Two major hermeneutical practices in the history of interpretation in premodern Japan are located. The first--a deconstructive practice followed by medieval thinkers (Dōgen) and poets (Fujiwara Shunzei and Fujiwara Teika)--interprets reality by deferring and dispersing it in its representations. The analogies of this methodology are highlighted with what the Italian philosopher Gianni Vattimo has called "pensiero debole" (weak thought). The latter recuperates the centrality of the concept of presence whose disclosure becomes the major task of the interpreter. Examples of (...)
    Direct download (5 more)  
     
    My bibliography  
     
    Export citation  
  49. Eileen A. Joy (2013). Disturbing the Wednesday-Ish Business-as-Usual of the University Studium: A Wayzgoose Manifest. Continent 2 (4):260-268.score: 24.0
    In this issue we include contributions from the individuals presiding at the panel All in a Jurnal's Work: A BABEL Wayzgoose, convened at the second Biennial Meeting of the BABEL Working Group. Sadly, the contributions of Daniel Remein, chief rogue at the Organism for Poetic Research as well as editor at Whiskey & Fox , were not able to appear in this version of the proceedings. From the program : 2ND BIENNUAL MEETING OF THE BABEL WORKING GROUP CONFERENCE “CRUISING IN (...)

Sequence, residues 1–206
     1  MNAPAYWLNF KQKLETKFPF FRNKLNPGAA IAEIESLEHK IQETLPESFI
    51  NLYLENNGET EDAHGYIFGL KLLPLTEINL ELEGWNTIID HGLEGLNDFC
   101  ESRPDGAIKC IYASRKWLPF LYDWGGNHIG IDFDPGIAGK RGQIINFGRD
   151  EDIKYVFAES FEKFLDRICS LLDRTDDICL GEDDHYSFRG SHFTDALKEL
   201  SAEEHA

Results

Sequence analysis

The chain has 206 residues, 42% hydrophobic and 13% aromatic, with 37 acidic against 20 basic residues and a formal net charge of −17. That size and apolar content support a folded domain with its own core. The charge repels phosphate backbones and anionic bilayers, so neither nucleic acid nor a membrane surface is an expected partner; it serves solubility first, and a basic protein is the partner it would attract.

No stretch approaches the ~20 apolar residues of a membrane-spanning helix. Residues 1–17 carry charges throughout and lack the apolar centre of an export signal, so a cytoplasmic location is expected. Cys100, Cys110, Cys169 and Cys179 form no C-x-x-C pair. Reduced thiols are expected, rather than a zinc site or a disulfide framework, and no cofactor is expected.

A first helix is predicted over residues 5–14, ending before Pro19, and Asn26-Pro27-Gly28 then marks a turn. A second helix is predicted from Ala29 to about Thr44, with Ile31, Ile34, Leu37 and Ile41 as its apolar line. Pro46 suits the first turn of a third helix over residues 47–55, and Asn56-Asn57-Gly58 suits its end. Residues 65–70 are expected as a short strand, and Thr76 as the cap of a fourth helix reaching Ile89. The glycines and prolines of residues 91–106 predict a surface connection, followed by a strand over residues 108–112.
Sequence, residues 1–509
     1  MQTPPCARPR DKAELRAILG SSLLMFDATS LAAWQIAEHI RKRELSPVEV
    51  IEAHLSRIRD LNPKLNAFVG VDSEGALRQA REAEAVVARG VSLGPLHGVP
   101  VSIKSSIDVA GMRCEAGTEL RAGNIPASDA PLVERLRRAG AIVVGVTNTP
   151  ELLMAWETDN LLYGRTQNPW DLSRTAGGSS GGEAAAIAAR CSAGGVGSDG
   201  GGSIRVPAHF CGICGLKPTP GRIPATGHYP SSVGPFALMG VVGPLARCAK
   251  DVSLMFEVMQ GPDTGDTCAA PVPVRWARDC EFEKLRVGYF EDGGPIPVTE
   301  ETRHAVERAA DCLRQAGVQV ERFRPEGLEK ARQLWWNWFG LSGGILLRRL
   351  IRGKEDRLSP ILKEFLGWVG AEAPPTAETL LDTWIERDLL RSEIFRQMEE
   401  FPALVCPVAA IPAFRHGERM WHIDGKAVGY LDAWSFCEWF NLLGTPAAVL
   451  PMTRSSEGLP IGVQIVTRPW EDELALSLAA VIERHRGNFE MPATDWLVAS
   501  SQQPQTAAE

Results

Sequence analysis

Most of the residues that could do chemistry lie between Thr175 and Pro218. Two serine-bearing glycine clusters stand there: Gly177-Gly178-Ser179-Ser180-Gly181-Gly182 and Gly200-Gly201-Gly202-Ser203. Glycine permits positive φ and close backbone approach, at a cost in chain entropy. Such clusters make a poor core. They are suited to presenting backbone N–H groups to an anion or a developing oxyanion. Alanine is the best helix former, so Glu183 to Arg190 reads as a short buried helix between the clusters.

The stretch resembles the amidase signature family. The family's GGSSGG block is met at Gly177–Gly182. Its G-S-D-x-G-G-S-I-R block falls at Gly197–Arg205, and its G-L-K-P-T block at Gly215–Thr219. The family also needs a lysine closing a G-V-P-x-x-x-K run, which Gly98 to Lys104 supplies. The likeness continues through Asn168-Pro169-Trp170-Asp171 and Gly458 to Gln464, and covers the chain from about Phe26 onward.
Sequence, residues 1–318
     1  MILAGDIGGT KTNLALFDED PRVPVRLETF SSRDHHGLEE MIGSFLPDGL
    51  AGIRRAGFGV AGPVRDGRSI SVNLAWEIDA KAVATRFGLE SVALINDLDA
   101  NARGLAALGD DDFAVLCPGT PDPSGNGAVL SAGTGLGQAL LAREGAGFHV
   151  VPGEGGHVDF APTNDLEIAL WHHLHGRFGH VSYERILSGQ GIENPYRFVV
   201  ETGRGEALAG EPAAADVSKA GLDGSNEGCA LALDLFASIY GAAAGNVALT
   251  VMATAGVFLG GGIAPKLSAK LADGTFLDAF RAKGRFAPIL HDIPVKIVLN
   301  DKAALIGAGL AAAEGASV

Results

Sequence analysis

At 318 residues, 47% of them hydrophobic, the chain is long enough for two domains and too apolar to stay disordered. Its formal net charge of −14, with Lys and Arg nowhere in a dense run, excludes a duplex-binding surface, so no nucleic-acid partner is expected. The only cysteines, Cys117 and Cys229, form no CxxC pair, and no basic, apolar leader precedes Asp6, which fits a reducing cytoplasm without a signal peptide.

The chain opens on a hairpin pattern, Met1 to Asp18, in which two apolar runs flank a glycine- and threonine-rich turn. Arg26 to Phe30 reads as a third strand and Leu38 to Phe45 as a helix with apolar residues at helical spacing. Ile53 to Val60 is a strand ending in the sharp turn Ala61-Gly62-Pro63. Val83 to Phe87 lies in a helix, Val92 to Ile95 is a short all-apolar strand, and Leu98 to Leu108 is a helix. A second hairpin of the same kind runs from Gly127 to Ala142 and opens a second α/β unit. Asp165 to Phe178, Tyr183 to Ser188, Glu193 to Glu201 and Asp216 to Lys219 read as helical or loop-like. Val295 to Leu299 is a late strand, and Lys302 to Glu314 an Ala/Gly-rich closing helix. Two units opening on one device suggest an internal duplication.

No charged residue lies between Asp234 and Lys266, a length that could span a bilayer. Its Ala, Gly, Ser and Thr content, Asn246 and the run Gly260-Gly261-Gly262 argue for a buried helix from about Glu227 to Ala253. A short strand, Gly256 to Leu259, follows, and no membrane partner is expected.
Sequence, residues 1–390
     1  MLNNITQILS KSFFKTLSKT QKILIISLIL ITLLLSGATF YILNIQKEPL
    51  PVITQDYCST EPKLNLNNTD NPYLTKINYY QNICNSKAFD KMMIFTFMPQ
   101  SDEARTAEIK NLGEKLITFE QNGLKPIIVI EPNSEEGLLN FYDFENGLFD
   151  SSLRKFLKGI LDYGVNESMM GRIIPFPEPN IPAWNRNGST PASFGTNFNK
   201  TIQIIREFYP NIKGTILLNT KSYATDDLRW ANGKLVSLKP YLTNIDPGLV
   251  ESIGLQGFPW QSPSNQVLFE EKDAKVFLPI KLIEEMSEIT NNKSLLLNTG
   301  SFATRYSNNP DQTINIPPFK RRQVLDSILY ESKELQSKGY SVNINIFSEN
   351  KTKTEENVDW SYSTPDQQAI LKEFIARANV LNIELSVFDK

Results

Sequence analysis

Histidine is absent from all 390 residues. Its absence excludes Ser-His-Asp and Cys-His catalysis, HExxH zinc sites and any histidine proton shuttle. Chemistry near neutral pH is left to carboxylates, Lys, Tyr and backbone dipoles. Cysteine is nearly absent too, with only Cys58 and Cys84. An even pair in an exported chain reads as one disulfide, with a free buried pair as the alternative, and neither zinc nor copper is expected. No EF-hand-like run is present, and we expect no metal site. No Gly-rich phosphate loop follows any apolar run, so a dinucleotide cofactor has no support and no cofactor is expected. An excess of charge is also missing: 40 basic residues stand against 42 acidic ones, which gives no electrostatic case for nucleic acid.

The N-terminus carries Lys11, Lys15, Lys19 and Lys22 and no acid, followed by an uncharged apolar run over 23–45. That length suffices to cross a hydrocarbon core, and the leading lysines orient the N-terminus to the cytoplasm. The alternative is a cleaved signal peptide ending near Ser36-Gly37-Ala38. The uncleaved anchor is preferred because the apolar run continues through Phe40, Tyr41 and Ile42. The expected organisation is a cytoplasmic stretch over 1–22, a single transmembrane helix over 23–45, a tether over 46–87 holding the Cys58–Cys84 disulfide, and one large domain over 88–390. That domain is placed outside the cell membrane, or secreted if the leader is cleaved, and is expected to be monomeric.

No categories
    Direct download (2 more)  
     
    My bibliography  
     
    Export citation  
  50. Daud Ali (2011). Rethinking the History of the Kāma World in Early India. Journal of Indian Philosophy 39 (1):1-13.score: 24.0
    This essay introduces a special issue on the history of kāmaśāstra in medieval India. It briefly reviews the secondary scholarship on the subject from the publication of the first translations of the genre at the end of the nineteenth century. It highlights the relatively unexplored history of later kāmaśāstra, and stresses the need for contexualized and detailed studies of the many kāmaśāstra treatises produced in the second millennium CE. The introduction, and the essays that follow, also argue for an (...)
    Direct download (3 more)  
     
    My bibliography  
     
    Export citation  
1 — 50 / 77